Provided farther that the sale proceeds derived by the company from the exports, if any. referred to in item (a) and the gross receipts derived by it from the activities of its business referred to in item (b) or item (c) or both. dunng the previous year, amount. in the aggregate, to 50 per cent or more of the aggregate amount of die sale proceeds and all other gross ieceipis of the brnines? during the previous year credited to the profit and loss account of th^ company.”
The assessee had. by a letter dated 26^ March. 1969, written by the Government of India, Ministry of Commerce, been granted permission to export for the purpose of a barter deal. ferro-silicon manufactured by the Mysore Iron and Steel Works, Bhadravati, upto a value ofRs.52 lacs (f.o.b.). Against this value the assessee was permitted to import pesticides as therein enumerated of a total value that did not exceed Rs.22 lacs. The assessee was informed that the import licences that would be issued in this regard could be endorsed in favour of actual users on the list of the Director General Technical Development.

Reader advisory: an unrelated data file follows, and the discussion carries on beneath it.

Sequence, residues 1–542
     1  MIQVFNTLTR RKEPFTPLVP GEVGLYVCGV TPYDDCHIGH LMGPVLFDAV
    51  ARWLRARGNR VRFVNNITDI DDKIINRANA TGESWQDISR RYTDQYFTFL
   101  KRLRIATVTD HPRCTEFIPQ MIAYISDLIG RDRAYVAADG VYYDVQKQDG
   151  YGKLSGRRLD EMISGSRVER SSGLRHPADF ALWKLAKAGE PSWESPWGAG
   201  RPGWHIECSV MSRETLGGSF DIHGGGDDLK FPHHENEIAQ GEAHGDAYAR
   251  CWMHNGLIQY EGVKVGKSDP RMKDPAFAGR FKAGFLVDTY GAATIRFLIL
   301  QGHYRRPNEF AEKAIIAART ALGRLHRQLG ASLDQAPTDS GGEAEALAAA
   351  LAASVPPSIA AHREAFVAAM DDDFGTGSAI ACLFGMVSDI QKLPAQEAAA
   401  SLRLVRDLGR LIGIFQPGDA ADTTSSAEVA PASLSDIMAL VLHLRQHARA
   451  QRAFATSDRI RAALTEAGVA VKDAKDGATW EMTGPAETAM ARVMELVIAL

The assessee claimed that it was entitled to the exemption from the levy of additional income-tax under Section 104(1) read with the said notification. For this purpose, it relied upon the income derived from the exports that it had made as also upon the consideration that it had realised for the assignment of the import licences obtained pursuant to such exports. The Income Tax Officer rejected the assessee’s contention. The Commissioner of Income Tax (Appeals) accepted it, as also did the Income Tax Appellate Tribunal. The Tribunal noted that it was common ground that if the realisation from the transfer of the assessee’s import licences were considered as sale proceeds derived from exports, they would constitute more than 50% of the aggregate amount of the gross receipts credited, to the profit and loss account for all the assessment years. It was the contention of the Revenue that the import licence realisation could not be treated as such sale proceeds. The Tribunal relied upon a judgment of lhe Madras High Court in Commissioner of Income Tax Madras-1 vs. Wheel and Rim Company of India Limited (107 ITR 168) and held that, having regard to the integrated nature of the scheme, the